Reunion 2016: A look at paintings raises awareness in the doctor-patient encounter

On the first Saturday in June, Robert Rock stood in the lobby of the Yale University Art Gallery, waiting for alumni attending this year’s reunion. Rock, who has completed three years of medical school, is taking a fifth year to research medical education before his final year of electives, sub-internships, and of course, the search for a residency match. Medical education has interested him since he was a first-year, when he and classmate Tehreem Rehman launched an elective course in health justice. The 10-session course explored themes of race, class, social status, and gender as they relate to the practice of medicine. It included a visit to the art gallery, where Rock provoked discussion of those issues by looking at paintings.

Last August, Rock reprised the gallery visit for incoming medical students, the first to study under the Yale’s new curriculum. For reunion weekend, his “students” were alumni who had come to see firsthand this new element of the curriculum. Once the group had gathered in the lobby, Rock explained the purpose of the visit.

In medicine, he said, it’s important to understand the power dynamic between patients and providers. “When the stakes are so high, expressing biases—whether unconsciously or consciously—can undermine and really sabotage the therapeutic relationship before it starts and influence the delivery of care,” he said. “It’s heavy stuff. We are going to use the art and the space to discuss a slippery, very difficult topic. We are going to study the expression of bias in Western culture, using works of art to critically assess the skewed lens through which we perceive the world.”

Their first stop was a work by the German painter George Grosz. Divided into two vertical blocks separated by a window, the painting’s right half shows people in gowns and tuxedos at a party while the panel on the left shows a man on crutches begging for alms.

“What do you see?” Rock asked the group of a dozen alumni.

“Wealthy people,” an alum answered.

“Let’s be objective!” Rock admonished. He was looking for nouns, not adjectives. Straight facts without the presumptions adjectives carry.

“People wearing what look like tuxedos,” the alum corrected himself.

“Tell me what else you see,” Rock said.

“The guy with the cigar looks like he’s kissing it.”

“He looks a little adrenalized.”

“Objective! Let’s be objective,” Rock repeated.

Rock elicited more details about the painting—people dressed in tuxedos and gowns who are smoking, drinking, and eating, and a man in the street with crutches—and moved on to analysis.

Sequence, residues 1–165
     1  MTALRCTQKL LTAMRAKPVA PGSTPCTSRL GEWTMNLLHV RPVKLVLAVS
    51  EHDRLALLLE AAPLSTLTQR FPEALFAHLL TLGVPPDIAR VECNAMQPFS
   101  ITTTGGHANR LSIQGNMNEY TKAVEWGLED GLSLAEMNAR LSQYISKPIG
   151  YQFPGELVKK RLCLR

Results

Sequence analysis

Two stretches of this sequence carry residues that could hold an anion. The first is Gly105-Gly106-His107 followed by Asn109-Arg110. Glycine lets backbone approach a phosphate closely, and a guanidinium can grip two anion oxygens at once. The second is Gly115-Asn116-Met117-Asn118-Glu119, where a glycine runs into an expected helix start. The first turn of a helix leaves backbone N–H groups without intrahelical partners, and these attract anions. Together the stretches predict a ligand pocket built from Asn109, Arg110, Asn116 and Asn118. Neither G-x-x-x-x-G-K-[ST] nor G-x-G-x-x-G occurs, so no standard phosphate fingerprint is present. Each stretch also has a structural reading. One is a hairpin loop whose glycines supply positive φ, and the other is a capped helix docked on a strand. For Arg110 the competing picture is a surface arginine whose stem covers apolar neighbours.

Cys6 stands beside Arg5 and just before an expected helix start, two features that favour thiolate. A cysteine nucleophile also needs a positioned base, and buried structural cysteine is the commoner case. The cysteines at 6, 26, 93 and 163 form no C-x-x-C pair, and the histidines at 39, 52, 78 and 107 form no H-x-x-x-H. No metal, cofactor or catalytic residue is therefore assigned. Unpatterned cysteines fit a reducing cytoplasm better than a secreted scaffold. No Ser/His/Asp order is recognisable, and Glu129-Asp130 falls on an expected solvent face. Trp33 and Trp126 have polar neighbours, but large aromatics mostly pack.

“What is the message the artist is trying to convey?” Rock asked.

An alumna noted the contrast between rich and poor. “They are being juxtaposed for a reason.”

“I don’t see anyone really connecting with anyone,” said another.

The painting dates from the 1920s, with Germany traumatized by its defeat in war, a shattered economy, and high unemployment. The man on crutches may be a wounded veteran. Amidst the poverty, the swells are living it up.

Rock brought the group to a hard, and revealing, question.

“Which side of the painting do you see as yourself and which side do you see as your patients?”

The wealthy in the painting, noted an alumna, are completely unsympathetic. “They are made to look like animals.”

Yet the group acknowledged its affinity with the people on the painting’s right side.

“I am privileged, as those people are,” said an alumnus, adding, “As a clinician I am more associated with the left.”

“In the past I have taken care of veterans,” said an alumna. “I take care of a lot of people who are more like the people on the right. I associate with them.”

“You did a wonderful job of interpreting the painting,” Rock told the group.

Afterwards, Cindy Crusto, Ph.D., associate professor of psychiatry, led a group discussion based on her Powerpoint, “Making the Invisible Visible: Art, Identity, and Hierarchies of Power.” It is important, she said, to include the visit to the art gallery in the first two weeks of medical school. “We really want our students to understand diversity and inclusion. We want people to understand their inherent assumptions and biases. These are things they are going to be confronted with every day. This is a way to start the conversation from the very beginning of their training.”

This article was submitted by Tiffany Penn on June 24, 2016.